tour of the church took extra long because of it.
We finally left the church and headed to
Saqsayhuaman, the former capital of the Incan Empire. One of the first things our guide told us
was that many people think “sexy woman” in order to remember the name. I couldn’t get “sexy woman” out of my head and had to look up the
actual name again when I got home. Saqsayhuaman is a fortress of sorts made up of large polished dry-stone walls. The boulders were
ridiculously large and Pauly joked (I think it was a joke) that he has always believed that extra-terrestrials had something to do with
the construction of some of the Incan buildings. We sat on the lawn listening to our guide as he showed us pictures and talked about the
great work of the Incan men. Within five minutes, Pauly was sleeping (he hadn’t slept much the night before) and I heard a light snore
come out of his mouth. As soon as the rest of us started feeling comfortable, our guide told us that it was time to go again.
We made our way toward the bus again, but not before running into a lady selling corn. These aren’t your ordinary ears of corn, they are
corn on steroids. We devoured our snack because we had barely eaten anything all day. We were warned not to eat a heavy meal because it
would make the altitude sickness worse, but I would have ate more than the few bites of scrambled eggs I had if I had known that we
weren’t going to eat all day. Our bus took us to a healing spring and we had to hike up a hill in order to get there. The altitude was
really getting to me and I was really struggling up that hill. I whined to Sos, “I really thought I was more fit than this” as I
desperately tried to catch my breath. He said, “You are. You gotta remember you are just getting over being sick.” The lady next to me
said, “Trust me, it’s not you. I work out all the time and I am struggling as well.” The healing spring was alright, but I wouldn’t hike
up that hill for it again. We then went to see an underground spot that was believed to have been for human sacrifice. I was slightly
fascinated, but my attention span was weak. I was tired and hungry and pretty much over the whole tour.
When we finally made it back to our hotel, the three of us were so hungry and tired. We put our stuff in our rooms which were now ready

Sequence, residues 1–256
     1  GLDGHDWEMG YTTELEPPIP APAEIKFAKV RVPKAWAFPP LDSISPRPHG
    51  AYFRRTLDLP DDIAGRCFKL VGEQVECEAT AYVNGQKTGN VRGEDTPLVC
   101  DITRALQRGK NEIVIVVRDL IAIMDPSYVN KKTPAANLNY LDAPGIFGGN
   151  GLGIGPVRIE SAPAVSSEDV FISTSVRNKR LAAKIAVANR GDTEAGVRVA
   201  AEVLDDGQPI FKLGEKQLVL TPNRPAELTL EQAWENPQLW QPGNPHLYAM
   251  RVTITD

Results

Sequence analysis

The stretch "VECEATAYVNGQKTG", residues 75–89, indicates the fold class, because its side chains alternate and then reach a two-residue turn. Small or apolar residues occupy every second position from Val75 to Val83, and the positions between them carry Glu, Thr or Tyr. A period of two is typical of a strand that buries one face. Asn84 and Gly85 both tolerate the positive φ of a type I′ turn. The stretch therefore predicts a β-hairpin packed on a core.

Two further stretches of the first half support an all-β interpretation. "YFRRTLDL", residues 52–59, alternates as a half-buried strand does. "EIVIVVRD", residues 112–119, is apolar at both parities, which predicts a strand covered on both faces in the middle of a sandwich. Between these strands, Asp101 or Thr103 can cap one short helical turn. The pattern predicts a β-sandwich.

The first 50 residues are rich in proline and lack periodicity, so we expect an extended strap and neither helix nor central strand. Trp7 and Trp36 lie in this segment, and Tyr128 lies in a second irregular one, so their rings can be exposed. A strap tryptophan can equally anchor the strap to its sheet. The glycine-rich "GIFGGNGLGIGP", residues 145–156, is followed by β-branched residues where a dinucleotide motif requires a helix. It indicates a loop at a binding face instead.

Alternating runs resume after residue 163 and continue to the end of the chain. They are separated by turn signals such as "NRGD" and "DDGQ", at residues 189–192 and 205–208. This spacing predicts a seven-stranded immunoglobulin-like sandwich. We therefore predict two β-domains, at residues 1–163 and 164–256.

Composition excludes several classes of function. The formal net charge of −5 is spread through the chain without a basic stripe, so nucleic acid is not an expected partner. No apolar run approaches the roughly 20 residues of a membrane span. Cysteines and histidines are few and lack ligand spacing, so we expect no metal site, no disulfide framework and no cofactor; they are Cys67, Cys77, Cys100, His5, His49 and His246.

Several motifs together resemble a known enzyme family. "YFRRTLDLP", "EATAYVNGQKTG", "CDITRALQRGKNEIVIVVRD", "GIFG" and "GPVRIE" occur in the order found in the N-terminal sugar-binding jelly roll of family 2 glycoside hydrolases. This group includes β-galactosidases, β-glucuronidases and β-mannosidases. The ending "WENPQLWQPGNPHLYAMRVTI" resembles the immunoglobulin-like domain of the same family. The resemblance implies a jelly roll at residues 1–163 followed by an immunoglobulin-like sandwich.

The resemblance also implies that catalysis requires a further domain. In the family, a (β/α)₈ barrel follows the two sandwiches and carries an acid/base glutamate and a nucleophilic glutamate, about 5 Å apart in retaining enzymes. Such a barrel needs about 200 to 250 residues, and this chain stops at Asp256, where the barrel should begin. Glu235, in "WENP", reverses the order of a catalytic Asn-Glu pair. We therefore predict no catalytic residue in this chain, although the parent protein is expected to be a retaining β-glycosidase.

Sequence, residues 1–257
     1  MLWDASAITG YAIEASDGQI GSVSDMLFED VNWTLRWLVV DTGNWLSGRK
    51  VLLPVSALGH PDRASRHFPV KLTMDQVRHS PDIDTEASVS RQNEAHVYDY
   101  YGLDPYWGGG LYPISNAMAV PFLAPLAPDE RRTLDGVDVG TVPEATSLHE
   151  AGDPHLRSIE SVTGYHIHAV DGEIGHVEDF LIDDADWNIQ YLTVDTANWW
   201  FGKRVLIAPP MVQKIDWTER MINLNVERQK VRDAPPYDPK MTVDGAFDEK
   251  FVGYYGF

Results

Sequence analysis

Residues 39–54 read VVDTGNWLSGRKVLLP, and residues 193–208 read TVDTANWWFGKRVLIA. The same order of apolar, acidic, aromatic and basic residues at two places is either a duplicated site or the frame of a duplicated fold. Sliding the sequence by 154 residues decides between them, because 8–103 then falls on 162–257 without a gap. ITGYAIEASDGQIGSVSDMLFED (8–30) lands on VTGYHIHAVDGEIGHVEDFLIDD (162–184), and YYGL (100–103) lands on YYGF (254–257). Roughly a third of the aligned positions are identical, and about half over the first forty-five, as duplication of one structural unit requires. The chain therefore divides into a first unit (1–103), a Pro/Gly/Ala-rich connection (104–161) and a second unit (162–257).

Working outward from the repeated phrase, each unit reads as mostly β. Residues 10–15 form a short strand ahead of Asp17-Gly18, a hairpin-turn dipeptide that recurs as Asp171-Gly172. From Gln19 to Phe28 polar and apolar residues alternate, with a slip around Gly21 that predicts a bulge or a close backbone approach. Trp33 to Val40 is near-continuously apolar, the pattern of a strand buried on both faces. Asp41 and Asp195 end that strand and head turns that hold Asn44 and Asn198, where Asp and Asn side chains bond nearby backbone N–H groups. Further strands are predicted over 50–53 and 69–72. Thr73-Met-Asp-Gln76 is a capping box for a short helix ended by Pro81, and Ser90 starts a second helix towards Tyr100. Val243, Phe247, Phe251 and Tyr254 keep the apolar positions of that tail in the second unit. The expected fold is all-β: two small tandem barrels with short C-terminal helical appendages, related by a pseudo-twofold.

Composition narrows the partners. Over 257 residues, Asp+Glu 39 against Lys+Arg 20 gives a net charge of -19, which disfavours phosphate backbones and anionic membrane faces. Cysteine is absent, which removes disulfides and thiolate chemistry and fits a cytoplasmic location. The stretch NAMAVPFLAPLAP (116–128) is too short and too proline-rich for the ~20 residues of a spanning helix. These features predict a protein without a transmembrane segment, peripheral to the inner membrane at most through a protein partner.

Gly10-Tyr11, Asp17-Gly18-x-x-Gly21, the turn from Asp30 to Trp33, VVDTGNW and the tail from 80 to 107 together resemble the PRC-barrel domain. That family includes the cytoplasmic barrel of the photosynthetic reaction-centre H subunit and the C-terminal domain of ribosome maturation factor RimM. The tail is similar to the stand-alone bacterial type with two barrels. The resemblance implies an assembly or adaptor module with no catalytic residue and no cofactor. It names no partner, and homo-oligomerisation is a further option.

and headed next door to eat. All of us ate our meal in record times, but Pauly won first prize as he ate his spaghetti in two minutes
flat. We headed back to our rooms and called it a night.
April 20, 2011
Yesterday, we woke up at 5 in the morning. We had to meet Zelda in the lobby by 6am sharp in order to catch our train to Aguas Calientes
where we would then take a bus to Machu Picchu. Pauly and I both work in the poker industry, so waking up at 5 am is a foreign concept
to us. I surprisingly woke up without too much difficulty, but I certainly wasn’t happy about it. We met up with Zelda after we forced
down a barely edible breakfast and she lead us to our driver who was going to take us to the train station. We weren’t with the
other large groups that were crowding into a bus; we had our own car and driver. The drive was about an hour and a half long and it was the
most enjoyable drive I had on our trip so far. There was one point where we came around a corner and we could see the Andes. Our driver
stopped so the three of us could snap a few photos and then we continued towards the train station. We made it there with only 5 minutes
to spare and barely got adjusted into our “first class” train seats (which were nothing spectacular), before the train departed the
Machu Picchu has always been on my list of top 5 places to see in my life and it was also on Pauly’s, but for Sos it was his number one
place to see. I couldn’t pick two other people that I would rather be with. The bus ride was tolerable and I passed the time playing
Sudoku. Before I knew it, we were at our destination and we were greeted by another individual holding a sign with our names on it. He
pointed us in the direction of where we were going to leave our luggage (a man from our hotel with a cart holding suitcases) and we
threw our backpacks in and headed toward the bus.
Our bus ride up to Machu Picchu was hell. The roads wound up the mountain and looked like it barely had enough room for our bus to
maneuver. I was sitting near the window and I did my best not to peek out below. An accidental slip would certainly be our demise and I
dug into Sos’ hand again whenever we would take a particularly hairy turn. If that wasn’t enough, I soon realized the road wasn’t a one
way road, but a TWO-WAY road and I almost lost it when we approached a bus coming from the opposite direction. Sos was so happy that
there was no way that a scary bus ride was going to get him down. He made the most of it by saying “Machu Picchu is a great place to